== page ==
Why your boss is asking more of content
What does your content do for your audience and brand? What’s its purpose? If you find it difficult to give a straight answer, you’re not alone.
Content delivers results for so many digital channels that strategies tend to unravel in a spaghetti-like tangle of tactics. SEO needs ranking keywords, social media craves likes, paid media chases clicks – content is in demand. So much so that the Content Marketing Institute (CMI) reports 59% of marketers expect their content marketing budget to increase this year.
But whether the people behind these interactions are valuable to your business, and engaged enough to help it grow, is also under increased scrutiny. If your boss isn’t already asking more questions about your content marketing strategy, bets are they soon will – because the stakes just got higher…
The buck stops in-house
As an agency, we’re continuously developing our services to support the lean towards in-housing – and this focus on internal accountability has amplified the need for documented validation and planning processes.
The mandate is usually to centralise strategy without stifling creativity. So, as a good editor would, you steer a vision from within a small internal team and draw on external expertise to arrive at a great product.
What to proactively brief and how you reactively wrangle with internal stakeholders’ content demands then become key questions everyone wants answered. And fast – before the production cycle burns more money...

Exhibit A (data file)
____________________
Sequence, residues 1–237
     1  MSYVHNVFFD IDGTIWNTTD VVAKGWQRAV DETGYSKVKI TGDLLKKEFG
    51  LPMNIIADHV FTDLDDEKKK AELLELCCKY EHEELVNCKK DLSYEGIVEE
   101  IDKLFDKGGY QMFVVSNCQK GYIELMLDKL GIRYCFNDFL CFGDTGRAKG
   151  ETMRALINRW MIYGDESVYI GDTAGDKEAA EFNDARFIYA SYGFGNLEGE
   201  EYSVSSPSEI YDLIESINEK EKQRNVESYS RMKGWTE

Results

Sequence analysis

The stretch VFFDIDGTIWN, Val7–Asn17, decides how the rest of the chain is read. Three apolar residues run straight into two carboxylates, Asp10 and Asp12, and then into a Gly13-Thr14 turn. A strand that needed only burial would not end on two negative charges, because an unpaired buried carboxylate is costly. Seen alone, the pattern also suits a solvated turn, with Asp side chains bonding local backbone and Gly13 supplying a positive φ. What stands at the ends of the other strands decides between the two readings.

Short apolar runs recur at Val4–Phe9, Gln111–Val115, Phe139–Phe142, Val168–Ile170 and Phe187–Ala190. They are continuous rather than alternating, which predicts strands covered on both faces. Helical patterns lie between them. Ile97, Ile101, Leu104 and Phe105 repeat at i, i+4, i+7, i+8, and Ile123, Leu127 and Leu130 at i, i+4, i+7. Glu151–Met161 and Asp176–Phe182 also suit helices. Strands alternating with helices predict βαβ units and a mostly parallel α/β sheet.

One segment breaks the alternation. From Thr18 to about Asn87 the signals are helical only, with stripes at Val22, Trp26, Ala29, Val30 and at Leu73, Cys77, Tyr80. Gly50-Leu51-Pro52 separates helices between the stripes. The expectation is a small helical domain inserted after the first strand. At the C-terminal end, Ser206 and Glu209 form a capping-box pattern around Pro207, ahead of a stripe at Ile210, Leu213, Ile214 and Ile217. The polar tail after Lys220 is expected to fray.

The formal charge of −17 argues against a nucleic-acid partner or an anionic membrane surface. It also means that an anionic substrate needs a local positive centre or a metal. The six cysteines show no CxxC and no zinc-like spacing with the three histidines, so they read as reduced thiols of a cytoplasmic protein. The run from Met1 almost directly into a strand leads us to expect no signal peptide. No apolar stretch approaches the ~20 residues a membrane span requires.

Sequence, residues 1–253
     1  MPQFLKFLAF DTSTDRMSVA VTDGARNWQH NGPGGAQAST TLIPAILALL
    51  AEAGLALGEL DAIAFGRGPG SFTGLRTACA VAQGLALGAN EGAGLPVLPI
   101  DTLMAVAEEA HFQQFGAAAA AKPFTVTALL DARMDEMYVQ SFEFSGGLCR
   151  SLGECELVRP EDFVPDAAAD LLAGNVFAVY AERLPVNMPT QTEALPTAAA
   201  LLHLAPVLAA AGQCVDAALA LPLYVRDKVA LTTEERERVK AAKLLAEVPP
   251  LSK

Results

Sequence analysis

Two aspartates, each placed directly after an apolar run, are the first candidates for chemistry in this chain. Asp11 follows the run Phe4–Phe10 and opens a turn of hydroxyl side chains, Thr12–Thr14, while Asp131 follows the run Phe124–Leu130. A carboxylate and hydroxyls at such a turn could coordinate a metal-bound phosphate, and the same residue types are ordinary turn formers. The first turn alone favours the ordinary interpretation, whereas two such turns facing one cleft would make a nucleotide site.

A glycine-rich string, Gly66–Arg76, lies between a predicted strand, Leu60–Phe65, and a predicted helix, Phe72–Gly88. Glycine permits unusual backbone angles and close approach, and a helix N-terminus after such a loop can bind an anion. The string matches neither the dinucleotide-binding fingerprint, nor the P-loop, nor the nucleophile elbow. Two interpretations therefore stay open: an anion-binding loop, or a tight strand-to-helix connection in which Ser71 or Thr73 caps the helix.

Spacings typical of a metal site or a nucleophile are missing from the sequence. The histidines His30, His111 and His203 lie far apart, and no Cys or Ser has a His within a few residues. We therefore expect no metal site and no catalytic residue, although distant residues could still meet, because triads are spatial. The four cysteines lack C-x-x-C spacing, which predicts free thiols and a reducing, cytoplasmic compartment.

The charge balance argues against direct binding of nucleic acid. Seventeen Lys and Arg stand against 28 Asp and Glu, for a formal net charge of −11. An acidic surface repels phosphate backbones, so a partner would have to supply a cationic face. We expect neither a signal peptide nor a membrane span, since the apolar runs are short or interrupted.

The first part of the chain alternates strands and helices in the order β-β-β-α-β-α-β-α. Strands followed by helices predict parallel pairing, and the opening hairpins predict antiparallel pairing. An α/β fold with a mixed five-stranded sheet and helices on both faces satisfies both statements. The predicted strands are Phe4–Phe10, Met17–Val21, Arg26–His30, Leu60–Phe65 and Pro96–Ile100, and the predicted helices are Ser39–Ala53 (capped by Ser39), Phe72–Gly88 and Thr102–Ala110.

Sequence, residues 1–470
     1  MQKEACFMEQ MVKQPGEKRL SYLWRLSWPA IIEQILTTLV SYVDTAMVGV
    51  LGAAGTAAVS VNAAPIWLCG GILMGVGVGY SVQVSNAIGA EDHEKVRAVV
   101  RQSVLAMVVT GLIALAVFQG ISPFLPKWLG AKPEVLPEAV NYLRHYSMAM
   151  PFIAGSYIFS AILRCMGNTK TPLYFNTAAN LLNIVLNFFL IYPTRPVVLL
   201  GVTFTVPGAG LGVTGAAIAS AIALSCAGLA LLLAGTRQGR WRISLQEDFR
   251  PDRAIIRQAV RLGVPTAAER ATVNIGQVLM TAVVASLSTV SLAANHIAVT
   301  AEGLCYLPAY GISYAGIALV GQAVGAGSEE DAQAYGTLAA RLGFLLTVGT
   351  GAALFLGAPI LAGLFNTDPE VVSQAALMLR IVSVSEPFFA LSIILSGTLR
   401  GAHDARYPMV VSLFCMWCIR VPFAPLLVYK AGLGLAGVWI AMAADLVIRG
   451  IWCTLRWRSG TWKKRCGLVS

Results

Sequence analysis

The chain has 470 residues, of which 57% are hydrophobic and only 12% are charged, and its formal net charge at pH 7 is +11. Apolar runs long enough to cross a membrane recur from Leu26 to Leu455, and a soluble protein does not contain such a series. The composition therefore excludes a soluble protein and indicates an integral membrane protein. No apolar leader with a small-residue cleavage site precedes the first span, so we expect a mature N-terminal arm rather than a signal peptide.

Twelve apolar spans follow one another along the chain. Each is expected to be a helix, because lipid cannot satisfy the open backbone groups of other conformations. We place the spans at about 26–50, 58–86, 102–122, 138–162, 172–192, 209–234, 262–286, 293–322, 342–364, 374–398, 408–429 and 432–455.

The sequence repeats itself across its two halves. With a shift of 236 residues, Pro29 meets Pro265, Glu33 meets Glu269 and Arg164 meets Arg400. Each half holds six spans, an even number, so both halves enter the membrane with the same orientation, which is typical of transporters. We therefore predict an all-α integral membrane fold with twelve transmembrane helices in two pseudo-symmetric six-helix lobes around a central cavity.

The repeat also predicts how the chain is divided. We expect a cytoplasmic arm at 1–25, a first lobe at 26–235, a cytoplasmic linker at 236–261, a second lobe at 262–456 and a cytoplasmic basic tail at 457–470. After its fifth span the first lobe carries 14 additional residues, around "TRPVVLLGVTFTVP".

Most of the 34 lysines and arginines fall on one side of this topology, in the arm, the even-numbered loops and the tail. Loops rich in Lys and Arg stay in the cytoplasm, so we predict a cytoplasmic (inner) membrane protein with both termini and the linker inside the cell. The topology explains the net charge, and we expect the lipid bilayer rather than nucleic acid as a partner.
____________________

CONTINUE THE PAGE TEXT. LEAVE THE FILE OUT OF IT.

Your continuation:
Algorithms demand authority
According to the CMI 80% of B2C marketers outsource content. Not only can it make financial sense in the short term, but it drives greater long-term ROI by giving the people (and therefore Google) what they want.
Google’s 2018 algorithm update cemented content authority and relevancy as critical to visibility, with a refresh of its guidelines in 2019 putting a greater focus on expertise, authority and trust (E-A-T).
If you work for a finance or health brand, you may have felt the impact of the update on traffic to ‘your money or your life’ pages (content that could impact a user’s future happiness, health, financial stability, or safety), and suffered under the subsequent internal scrutiny.
It’s no longer enough to answer a user’s query. To make content worth your time and investment, you need to prove that you’re authoritative and credible – to both your audience and Google.
Your answers – and as such your roster of expert contributors and fact-checkers – should be validated, up to date and top quality. Higher stakes, more eyes on content.
The value exchange for data
Following this line on consumer trust, in January 2020 Google announced it would phase out support for third-party cookies in its Chrome browser “within two years”, seeking to replace them with a browser-based mechanism as part of its Privacy Sandbox initiative.
The resulting paid media focus on first-party data will likely see content marketers promoted through the ranks to strengthen value exchanges (the incentive to opt-in and sign-up), and drive qualified traffic you can learn from to build purposeful interactions with the people who matter most to your business.
Half of the respondents in that eminently quotable CMI report said that their organisation is likely to prioritise improving the quality and conversion of audiences in 2020. If yours is among them, start shoring up your content strategy toolkit ready to answer the questions about to come your way.